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A Safety Message to Our Associates from President and CEO, Kim Bassett

Our monthly focus for October is eliminating shortcuts. I thought about this topic and wondered- what would a shortcut look like in each of your various roles? We want to provide superior service to our customers by creating streamlined processes and procedures, but we also need to beware of any unsafe shortcuts. “But Kim”, you say, “I’m trying to create efficiencies, isn’t that what we are supposed to do as a Lean organization?” Yes! Well, sort of.

We are a Lean organization, so doing things better, faster, and more efficient is in our nature. We applaud you for making efficiencies that eliminate waste and add value to our customers. Just be aware of those tricky instances when something appears to be an “efficiency”, but is actually considered an “unsafe shortcut”. Here are some questions to ask yourself to ensure your process is both Lean and SAFE

Does it add value? Lean is the methodology of creating more value for customers by maximizing resources and eliminating wastes. YOU are our greatest resource, so how do we add value to our customers without you (and your eyes, hands, limbs)? If your efficiency reduces waste but increases your risk of harm, then it is not a safe/Lean improvement.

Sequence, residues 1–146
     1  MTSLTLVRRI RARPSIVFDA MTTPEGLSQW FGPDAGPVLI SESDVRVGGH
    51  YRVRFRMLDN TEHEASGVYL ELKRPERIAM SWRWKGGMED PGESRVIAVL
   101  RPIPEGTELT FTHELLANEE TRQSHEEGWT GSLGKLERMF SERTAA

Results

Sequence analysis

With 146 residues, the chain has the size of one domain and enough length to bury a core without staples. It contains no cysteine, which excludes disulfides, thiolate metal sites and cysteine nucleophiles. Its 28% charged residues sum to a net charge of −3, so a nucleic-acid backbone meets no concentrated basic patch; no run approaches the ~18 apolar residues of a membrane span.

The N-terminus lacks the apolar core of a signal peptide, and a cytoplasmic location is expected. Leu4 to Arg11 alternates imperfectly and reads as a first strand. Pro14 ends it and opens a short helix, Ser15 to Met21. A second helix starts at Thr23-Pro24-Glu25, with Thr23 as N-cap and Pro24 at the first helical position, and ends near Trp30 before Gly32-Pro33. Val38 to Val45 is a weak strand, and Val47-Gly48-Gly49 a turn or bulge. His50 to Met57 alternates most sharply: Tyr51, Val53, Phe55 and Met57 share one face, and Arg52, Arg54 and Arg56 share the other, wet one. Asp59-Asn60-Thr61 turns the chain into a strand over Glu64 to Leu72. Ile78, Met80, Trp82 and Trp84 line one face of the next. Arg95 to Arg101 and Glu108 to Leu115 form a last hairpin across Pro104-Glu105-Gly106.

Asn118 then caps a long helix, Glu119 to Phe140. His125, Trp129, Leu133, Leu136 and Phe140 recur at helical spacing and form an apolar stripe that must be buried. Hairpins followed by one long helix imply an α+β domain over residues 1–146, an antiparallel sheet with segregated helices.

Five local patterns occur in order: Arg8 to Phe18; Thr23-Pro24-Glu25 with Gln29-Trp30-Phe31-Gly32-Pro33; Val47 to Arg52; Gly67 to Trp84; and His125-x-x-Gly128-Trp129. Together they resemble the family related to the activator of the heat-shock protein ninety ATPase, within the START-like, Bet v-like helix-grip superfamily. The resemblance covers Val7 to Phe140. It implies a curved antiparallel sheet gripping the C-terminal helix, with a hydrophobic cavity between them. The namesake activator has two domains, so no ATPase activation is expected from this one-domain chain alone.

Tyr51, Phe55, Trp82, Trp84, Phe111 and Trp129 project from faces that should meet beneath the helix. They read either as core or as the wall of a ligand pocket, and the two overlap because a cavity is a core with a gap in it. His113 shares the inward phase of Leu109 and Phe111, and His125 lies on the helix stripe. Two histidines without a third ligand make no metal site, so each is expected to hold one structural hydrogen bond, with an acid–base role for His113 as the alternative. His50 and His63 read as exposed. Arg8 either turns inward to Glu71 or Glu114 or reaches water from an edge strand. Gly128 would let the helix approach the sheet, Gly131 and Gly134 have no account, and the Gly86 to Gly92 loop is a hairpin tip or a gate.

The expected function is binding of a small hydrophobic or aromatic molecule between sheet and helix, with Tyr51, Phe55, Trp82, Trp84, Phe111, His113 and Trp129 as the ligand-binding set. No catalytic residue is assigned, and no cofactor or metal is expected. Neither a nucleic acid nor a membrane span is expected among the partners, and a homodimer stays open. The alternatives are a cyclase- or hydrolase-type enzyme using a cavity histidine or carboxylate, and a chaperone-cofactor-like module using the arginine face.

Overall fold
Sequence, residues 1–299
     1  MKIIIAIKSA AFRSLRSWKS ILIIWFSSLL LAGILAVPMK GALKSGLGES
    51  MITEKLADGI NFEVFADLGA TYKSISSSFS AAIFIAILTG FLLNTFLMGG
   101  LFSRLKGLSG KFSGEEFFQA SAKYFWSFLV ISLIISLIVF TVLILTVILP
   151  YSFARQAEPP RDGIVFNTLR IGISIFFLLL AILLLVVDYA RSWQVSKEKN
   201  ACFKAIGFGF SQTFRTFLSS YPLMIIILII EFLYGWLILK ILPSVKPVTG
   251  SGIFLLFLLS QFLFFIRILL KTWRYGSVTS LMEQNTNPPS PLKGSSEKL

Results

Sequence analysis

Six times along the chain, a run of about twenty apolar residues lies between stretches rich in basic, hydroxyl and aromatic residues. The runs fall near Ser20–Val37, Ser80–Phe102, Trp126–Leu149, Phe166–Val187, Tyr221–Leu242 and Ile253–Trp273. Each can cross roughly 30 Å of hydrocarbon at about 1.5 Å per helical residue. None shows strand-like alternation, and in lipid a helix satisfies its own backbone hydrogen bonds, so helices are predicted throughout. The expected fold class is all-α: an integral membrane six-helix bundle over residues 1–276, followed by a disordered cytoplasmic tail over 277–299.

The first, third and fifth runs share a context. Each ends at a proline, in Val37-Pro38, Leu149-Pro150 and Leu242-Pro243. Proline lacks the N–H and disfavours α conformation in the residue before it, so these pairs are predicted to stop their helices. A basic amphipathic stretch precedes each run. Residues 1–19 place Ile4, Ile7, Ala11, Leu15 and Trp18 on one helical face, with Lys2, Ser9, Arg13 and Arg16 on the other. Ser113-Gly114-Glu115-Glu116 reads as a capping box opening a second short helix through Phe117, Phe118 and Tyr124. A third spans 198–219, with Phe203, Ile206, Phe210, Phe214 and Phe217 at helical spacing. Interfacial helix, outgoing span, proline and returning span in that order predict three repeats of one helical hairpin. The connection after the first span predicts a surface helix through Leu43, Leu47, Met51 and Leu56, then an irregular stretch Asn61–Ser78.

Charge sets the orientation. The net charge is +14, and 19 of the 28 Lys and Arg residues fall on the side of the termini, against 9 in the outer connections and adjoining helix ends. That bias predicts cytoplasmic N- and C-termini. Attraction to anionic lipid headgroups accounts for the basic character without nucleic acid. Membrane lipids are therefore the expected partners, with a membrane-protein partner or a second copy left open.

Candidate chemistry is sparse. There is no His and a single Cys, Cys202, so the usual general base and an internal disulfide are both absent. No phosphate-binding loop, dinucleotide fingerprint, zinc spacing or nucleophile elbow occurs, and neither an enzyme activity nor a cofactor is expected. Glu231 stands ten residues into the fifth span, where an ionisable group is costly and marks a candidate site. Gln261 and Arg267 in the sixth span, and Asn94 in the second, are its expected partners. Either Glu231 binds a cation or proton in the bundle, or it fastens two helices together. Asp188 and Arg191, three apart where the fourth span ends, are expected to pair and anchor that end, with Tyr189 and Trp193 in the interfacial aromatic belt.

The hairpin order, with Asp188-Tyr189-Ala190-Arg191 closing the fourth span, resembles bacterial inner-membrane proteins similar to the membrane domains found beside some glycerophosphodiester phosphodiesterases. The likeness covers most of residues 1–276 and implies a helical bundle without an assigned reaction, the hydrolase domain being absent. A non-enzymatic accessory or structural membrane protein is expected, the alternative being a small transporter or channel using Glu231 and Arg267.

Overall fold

Would you add it to your process documentation?  Think about documenting your process to train a new associate. Would you show them your time-saving technique? If you are unwilling to teach someone else your “trick”, then it’s likely you are aware of its risk. If you wouldn’t include it in your documented process as a best practice then it is likely an unsafe shortcut.

Does it meet all of the 6S’s? Lean uses a tool called 6-S to eliminate waste and produce faster, better results. The six “s’s” of 6-S are: safety, sort, set in order, scrub, standardize, sustain. What was that first step? SAFETY. If you think you have made a lean improvement, but it has causes your process or area to be unsafe in any way – then it is a short cut. Our lean processes always address any safety concerns first and foremost. Bottom line- if it’s not safe, it’s not lean.

Do your “efficiencies” fall into the “Safe/Lean” or “Unsafe/Shortcut” category? Let’s take a fresh look at those this month and make some real, safe improvements.

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